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Title: Persistent cold air outbreaks over North America in a warming climate

Abstract

This study examines future changes of cold air outbreaks (CAO) using a multi-model ensemble of global climate simulations from the Coupled Model Intercomparison Project Phase 5 as well as regional high resolution climate simulations. In the future, while robust decrease of CAO duration dominates in most regions, the magnitude of decrease over northwestern U.S. is much smaller than the surrounding regions. We identified statistically significant increases in sea level pressure during CAO events centering over Yukon, Alaska, and Gulf of Alaska that advects continental cold air to northwestern U.S., leading to blocking and CAO events. Changes in large scale circulation contribute to about 50% of the enhanced sea level pressure anomaly conducive to CAO in northwestern U.S. in the future. High resolution regional simulations revealed potential contributions of increased existing snowpack to increased CAO in the near future over the Rocky Mountain, southwestern U.S., and Great Lakes areas through surface albedo effects, despite winter mean snow water equivalent decreases in the future. Overall, the multi-model projections emphasize that cold extremes do not completely disappear in a warming climate. Concomitant with the relatively smaller reduction in CAO events in northwestern U.S., the top 5 most extreme CAO events may still occurmore » in the future, and wind chill warning will continue to have societal impacts in that region.« less

Authors:
 [1];  [1];  [1];  [2]
  1. Pacific Northwest National Lab. (PNNL), Richland, WA (United States)
  2. Univ. of Reading (United Kingdom). NCAS-Climate and Dept. of Meteorology
Publication Date:
Research Org.:
Pacific Northwest National Lab. (PNNL), Richland, WA (United States)
Sponsoring Org.:
USDOE Advanced Research Projects Agency - Energy (ARPA-E)
OSTI Identifier:
1222438
Alternate Identifier(s):
OSTI ID: 1182878
Grant/Contract Number:
KP1703010; AC05-76RL01830
Resource Type:
Journal Article: Published Article
Journal Name:
Environmental Research Letters
Additional Journal Information:
Journal Volume: 10; Journal Issue: 4; Journal ID: ISSN 1748-9326
Publisher:
IOP Publishing
Country of Publication:
United States
Language:
English
Subject:
54 ENVIRONMENTAL SCIENCES; cold air outbreaks; sea level pressure; snow water equivalent; wind chill warning

Citation Formats

Gao, Yang, Leung, L. Ruby, Lu, Jian, and Masato, Giacomo. Persistent cold air outbreaks over North America in a warming climate. United States: N. p., 2015. Web. doi:10.1088/1748-9326/10/4/044001.
Gao, Yang, Leung, L. Ruby, Lu, Jian, & Masato, Giacomo. Persistent cold air outbreaks over North America in a warming climate. United States. doi:10.1088/1748-9326/10/4/044001.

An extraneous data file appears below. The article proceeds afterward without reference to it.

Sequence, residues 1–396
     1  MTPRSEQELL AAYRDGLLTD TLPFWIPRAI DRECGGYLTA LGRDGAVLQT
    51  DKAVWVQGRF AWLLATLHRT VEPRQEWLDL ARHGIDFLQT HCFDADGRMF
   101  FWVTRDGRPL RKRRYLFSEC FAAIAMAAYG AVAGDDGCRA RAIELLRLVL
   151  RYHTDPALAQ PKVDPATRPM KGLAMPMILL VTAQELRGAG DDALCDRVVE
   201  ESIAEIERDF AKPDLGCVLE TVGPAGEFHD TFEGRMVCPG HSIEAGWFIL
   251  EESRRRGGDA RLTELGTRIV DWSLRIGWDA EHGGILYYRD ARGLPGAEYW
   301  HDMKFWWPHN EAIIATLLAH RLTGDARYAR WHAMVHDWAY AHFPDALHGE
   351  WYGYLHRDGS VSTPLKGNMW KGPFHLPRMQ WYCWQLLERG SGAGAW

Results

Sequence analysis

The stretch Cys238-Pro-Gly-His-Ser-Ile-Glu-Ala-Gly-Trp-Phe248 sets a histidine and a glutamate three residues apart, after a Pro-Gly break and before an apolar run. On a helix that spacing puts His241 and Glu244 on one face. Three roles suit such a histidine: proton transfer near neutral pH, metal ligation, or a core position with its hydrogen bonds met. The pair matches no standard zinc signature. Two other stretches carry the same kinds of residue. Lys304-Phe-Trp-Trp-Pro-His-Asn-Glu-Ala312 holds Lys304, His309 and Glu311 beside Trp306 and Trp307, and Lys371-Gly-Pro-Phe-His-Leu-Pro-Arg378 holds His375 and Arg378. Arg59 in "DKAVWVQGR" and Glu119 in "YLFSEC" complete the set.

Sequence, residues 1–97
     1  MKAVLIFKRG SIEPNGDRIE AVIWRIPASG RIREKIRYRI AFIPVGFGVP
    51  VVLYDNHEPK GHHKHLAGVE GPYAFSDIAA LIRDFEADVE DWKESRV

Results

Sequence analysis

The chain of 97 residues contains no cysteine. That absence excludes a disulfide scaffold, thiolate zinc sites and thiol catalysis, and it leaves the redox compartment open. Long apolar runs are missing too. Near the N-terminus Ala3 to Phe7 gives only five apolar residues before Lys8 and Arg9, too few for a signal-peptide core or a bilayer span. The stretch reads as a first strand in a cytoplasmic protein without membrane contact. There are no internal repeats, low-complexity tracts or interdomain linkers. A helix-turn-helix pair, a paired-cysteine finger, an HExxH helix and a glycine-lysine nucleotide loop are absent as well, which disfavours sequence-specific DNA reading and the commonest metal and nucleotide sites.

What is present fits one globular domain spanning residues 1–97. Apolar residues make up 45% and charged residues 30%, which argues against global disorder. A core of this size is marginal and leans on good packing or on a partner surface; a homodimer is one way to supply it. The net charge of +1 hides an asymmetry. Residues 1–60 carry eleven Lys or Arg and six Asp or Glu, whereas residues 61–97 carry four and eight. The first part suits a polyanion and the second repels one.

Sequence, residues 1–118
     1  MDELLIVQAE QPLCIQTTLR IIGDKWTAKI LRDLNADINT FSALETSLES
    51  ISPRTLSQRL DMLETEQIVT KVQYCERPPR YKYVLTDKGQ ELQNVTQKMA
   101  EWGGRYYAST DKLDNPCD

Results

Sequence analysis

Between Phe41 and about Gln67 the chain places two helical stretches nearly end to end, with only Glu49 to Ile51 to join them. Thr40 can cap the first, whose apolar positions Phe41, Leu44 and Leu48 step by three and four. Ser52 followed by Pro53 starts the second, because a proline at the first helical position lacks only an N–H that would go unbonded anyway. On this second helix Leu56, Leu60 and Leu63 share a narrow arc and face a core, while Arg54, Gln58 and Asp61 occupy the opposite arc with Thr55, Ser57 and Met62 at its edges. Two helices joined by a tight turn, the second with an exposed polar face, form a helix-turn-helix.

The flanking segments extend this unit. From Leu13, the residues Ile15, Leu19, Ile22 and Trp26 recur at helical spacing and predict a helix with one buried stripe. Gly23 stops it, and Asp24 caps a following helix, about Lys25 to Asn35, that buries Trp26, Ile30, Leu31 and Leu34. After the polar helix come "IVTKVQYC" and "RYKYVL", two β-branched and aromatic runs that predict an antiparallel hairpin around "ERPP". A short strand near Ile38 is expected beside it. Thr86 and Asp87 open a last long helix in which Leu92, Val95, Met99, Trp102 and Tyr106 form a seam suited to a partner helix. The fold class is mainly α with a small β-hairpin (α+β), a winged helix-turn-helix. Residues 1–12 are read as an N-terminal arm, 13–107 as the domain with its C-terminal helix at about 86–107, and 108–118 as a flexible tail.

Gao, Yang, Leung, L. Ruby, Lu, Jian, and Masato, Giacomo. Mon . "Persistent cold air outbreaks over North America in a warming climate". United States. doi:10.1088/1748-9326/10/4/044001.
@article{osti_1222438,
title = {Persistent cold air outbreaks over North America in a warming climate},
author = {Gao, Yang and Leung, L. Ruby and Lu, Jian and Masato, Giacomo},
abstractNote = {This study examines future changes of cold air outbreaks (CAO) using a multi-model ensemble of global climate simulations from the Coupled Model Intercomparison Project Phase 5 as well as regional high resolution climate simulations. In the future, while robust decrease of CAO duration dominates in most regions, the magnitude of decrease over northwestern U.S. is much smaller than the surrounding regions. We identified statistically significant increases in sea level pressure during CAO events centering over Yukon, Alaska, and Gulf of Alaska that advects continental cold air to northwestern U.S., leading to blocking and CAO events. Changes in large scale circulation contribute to about 50% of the enhanced sea level pressure anomaly conducive to CAO in northwestern U.S. in the future. High resolution regional simulations revealed potential contributions of increased existing snowpack to increased CAO in the near future over the Rocky Mountain, southwestern U.S., and Great Lakes areas through surface albedo effects, despite winter mean snow water equivalent decreases in the future. Overall, the multi-model projections emphasize that cold extremes do not completely disappear in a warming climate. Concomitant with the relatively smaller reduction in CAO events in northwestern U.S., the top 5 most extreme CAO events may still occur in the future, and wind chill warning will continue to have societal impacts in that region.},
doi = {10.1088/1748-9326/10/4/044001},
journal = {Environmental Research Letters},
number = 4,
volume = 10,
place = {United States},
year = {Mon Mar 30 00:00:00 EDT 2015},
month = {Mon Mar 30 00:00:00 EDT 2015}
}

Journal Article:
Free Publicly Available Full Text
Publisher's Version of Record at 10.1088/1748-9326/10/4/044001

Citation Metrics:
Cited by: 8 works
Citation information provided by
Web of Science

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